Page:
Climate change and everything it entails is a global problem. It is immaterial whether greenhouse gases are emitted in China, Australia, the Americas or just outside our front door – all these emissions contribute to warming and the dangers resulting from natural catastrophes.
You could say nearly the same about another pressing problem that is challenging our sector: Cybercrime with its many consequences is a global problem. It is immaterial whether hackers are in China, Australia, the Americas or just outside our front door – the dynamic and growing network is increasing the danger and possible consequences of cyberattacks.
The boundaries between mobile and fixed networks are consistently blurring
Climate change and cybercrime: they are both global problems with no respect for national boundaries. Whereas that is obvious with the former (as a natural phenomenon), the latter is technology-driven. That was again evident in Barcelona this week. The Mobile World Congress has long since moved beyond just being a mobile phone exhibition. It compellingly demonstrates how the Internet of Things is developing: towards networking just about everything connected in some way to the World Wide Web: household appliances, cars, machines, virtual reality. Network operators, suppliers and developers also meet in Barcelona. One central theme is the next network generation 5G, which will blur the boundaries between mobile and fixed networks even more.
The data highway keeps growing broader, faster and, most of all, becoming more international: the opportunities for its constructive application – and misuse – will just keep rising. That is why we must take cyber risks seriously and act accordingly. We need a common understanding for a level of IT security that provides reliable protection, is affordable and doesn’t stifle the opportunities offered by digitization. The remaining risks must be covered by insurance, of course, which will need to provide expertise as well as money in the event of a major incident.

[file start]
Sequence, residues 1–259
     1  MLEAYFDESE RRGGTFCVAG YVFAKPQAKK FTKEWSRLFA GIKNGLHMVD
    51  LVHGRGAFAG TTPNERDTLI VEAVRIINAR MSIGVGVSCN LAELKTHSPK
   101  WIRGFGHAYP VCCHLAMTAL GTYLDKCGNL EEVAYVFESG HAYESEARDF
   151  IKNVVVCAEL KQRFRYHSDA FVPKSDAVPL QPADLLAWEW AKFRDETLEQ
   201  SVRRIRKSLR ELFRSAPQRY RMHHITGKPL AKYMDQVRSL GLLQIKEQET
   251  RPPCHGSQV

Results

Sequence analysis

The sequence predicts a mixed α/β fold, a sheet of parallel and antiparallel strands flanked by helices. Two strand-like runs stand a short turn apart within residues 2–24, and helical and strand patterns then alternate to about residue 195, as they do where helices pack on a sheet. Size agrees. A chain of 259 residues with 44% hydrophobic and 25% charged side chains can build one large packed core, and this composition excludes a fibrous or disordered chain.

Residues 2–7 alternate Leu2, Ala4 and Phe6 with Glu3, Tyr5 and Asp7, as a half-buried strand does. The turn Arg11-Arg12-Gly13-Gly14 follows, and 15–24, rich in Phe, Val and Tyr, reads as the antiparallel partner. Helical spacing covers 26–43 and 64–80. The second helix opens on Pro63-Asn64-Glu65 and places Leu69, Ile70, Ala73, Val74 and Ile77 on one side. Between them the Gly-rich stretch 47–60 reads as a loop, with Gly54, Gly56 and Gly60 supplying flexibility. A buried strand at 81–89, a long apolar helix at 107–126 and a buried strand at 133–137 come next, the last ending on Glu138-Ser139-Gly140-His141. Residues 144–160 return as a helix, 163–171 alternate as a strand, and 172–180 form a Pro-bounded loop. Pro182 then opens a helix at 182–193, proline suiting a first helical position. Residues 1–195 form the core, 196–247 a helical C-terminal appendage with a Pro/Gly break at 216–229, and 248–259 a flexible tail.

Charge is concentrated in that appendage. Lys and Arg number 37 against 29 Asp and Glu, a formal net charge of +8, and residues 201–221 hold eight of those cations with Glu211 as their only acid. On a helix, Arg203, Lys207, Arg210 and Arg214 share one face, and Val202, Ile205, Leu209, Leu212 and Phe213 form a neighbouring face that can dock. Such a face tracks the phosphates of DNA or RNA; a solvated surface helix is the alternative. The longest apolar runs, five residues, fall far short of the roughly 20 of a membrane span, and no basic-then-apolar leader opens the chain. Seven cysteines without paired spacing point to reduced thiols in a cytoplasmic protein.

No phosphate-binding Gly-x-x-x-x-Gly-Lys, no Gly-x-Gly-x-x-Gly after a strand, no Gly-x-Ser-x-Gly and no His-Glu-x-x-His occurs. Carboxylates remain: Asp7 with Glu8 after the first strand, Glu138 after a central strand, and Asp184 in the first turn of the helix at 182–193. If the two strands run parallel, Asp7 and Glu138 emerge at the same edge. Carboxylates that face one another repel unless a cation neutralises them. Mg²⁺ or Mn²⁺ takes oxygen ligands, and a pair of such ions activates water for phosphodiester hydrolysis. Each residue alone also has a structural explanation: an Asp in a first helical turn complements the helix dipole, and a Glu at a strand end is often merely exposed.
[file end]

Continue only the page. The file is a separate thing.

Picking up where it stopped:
We will also need international responses
The GDV's non-binding sample conditions for cyber cover will help insurers to develop their own offers. They also provide companies and brokers with a benchmark for assessing insurance offers. The importance of standardising this highly-complex area was highlighted last week at an international event hosted by the Organisation for Economic Cooperation and Development (OECD) in Paris. Our sector spent two days discussing “Unleashing the Potential of the Cyber Insurance Market” (PDF) with brokers, customers and political decision-makers. The upshot was: cybercrime is an international, networked problem.
That is why we will need international responses in future: we still lack reliable figures to achieve a more accurate risk assessment. We need to swap notes on new attack scenarios. We need international IT security standards and corresponding uniform guidelines to prevent the exploitation of weak links and loopholes in specific countries.
To conclude: the topic must be moved up the international agenda – just like climate change. To achieve that, we will have to show the level of dynamism and global action currently required by digitization and its network-creating capacity.
Jörg von Fürstenwerth